Point Defiance Zoo and Aquarium has red wolves, which are native to the eastern United States. (Admission is $8.75–$17; children ages 2 and under are free; get a discount by buying tickets online. Hours change seasonally; check their website for current hours and driving directions.)
Wolf Haven is a nonprofit wolf sanctuary in the Tenino area. Visitors can see many wolves roaming around in their large, naturalistic enclosures. Take a guided tour and learn about the wolves, their history, ecology and conservation. Wolf Haven is open every day except Tuesdays, from 10 a.m. to 4 p.m. (noon to 4 p.m. on Sundays). Tours leave every hour on the hour; the last tour leaves at 3 p.m. You can also attend their Midsummer’s Night events, (replacing the Wolf Howls) where you get to spend the evening at the sanctuary, take a tour, have dinner and s’mores, and get even more information about the wolves. The event is sold out for 2014, but you can get on a mailing list to hear about next year’s ticket sales.
Reading about wolves
You’ll find dozens of resources at your library and online for learning more about wolves. I’ve highlighted several that stand out and that our family has enjoyed.
One Wolf Howls by Scotti Cohn, Illustrated by Susan Detwiler. My kids were drawn to the poetry of this book, and the beautiful illustrations. There are activities in the back for parents or educators to use for further exploration.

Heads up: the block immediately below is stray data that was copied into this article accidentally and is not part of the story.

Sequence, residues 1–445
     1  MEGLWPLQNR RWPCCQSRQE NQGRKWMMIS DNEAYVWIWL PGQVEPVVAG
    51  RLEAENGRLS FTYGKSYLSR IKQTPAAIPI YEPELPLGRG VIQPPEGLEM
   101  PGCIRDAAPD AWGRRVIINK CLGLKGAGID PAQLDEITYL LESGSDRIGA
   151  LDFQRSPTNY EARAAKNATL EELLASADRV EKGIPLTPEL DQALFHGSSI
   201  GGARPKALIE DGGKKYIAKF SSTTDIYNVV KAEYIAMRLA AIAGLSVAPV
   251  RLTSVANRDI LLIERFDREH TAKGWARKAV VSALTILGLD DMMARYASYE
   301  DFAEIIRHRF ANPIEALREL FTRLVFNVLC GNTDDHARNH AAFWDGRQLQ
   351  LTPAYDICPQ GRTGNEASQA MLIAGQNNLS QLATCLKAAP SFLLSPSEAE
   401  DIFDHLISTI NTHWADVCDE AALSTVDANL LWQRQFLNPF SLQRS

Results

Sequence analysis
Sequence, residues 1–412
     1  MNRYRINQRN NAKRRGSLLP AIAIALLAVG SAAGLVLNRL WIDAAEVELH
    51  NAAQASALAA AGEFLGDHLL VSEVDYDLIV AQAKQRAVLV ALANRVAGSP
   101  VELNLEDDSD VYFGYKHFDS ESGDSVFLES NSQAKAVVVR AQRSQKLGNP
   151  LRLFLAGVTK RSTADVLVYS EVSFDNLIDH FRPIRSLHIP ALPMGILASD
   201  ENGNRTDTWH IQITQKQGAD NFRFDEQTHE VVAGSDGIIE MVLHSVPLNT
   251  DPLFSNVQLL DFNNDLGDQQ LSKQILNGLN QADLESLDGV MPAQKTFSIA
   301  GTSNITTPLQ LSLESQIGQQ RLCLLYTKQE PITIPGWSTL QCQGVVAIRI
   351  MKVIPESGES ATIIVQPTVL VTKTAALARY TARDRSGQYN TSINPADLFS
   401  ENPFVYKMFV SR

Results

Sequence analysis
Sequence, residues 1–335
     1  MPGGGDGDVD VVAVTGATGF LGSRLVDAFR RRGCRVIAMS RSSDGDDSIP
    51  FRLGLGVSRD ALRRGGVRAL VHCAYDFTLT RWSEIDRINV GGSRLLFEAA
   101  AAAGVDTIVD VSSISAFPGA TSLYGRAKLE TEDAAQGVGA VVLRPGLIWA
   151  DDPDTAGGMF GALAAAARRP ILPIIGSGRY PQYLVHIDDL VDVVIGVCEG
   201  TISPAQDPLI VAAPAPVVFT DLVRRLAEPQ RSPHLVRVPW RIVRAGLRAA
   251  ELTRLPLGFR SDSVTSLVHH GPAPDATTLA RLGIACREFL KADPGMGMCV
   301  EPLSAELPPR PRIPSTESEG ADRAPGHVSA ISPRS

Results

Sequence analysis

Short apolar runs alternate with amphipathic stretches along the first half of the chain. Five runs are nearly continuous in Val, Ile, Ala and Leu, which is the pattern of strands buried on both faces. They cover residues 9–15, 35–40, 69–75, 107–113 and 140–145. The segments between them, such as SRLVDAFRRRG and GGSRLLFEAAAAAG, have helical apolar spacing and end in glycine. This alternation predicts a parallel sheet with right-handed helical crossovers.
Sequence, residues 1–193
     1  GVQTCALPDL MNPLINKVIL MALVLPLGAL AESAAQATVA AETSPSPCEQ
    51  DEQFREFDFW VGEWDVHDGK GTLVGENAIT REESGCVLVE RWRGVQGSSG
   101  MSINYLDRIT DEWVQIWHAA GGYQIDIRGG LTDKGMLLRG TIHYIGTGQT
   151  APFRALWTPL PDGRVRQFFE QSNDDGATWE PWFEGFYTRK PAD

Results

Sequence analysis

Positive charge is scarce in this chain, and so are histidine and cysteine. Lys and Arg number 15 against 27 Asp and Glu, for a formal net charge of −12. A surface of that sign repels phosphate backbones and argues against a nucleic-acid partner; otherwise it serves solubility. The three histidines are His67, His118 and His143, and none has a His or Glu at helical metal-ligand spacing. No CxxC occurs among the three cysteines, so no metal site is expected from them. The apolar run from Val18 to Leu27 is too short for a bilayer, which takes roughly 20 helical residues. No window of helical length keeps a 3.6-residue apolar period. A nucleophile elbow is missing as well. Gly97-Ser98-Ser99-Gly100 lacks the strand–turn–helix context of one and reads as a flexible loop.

Books by Jean Craighead George
The Wolves are Back, Illustrated by Wendell Minor. Tells the story of how the wolves returned to Yellowstone, and how they affect the ecosystem.
Look to the North: A Wolf Pup Diary, Illustrated by Lucia Washburn. Follows wolf pups through the year as they grow and learn.
Nonfiction and chapter books for young readers
Little Wolves by Helene Montarde; Born to be Wild series. There are many nonfiction books about wolves in the library. This one is a nice compromise between amount of information and ease of use.
Amazing Animals: Wolves by Christina Wilsdon. Packed with information, this book is nevertheless easy to read for middle elementary students.
Julie of the Wolves by Jean Craighead George. This fictional chapter book brings to life a young Inuit girl who befriends a pack of wolves and struggles to keep her traditional ways and find her father. (Caveat: This book does have some disturbing domestic scenes and involves a forced childhood marriage. With my younger child, I edited these parts as we read aloud.)
Books for adults and teens
Wolves in the Land of Salmon by David Moskowitz. Written by a professional wildlife tracker, photographer, and environmental educator, this beautiful book thoroughly covers the wolves that are repopulating Washington State.
Wolves by Art Wolfe and Chris Weston. This book is filled with dramatic photos and useful information about wolves as they go about their lives in the wild.
Videos and websites
Land of the Lost Wolves, produced by Tim Martin of the BBC. You may be able to find this set of two videos in your library, on iTunes, or on YouTube. Watch as researchers track and study the first packs to repopulate Washington State.
Washington Department of Fish and Wildlife: See a map of the known packs in the state, and learn more about ecology and conservation efforts.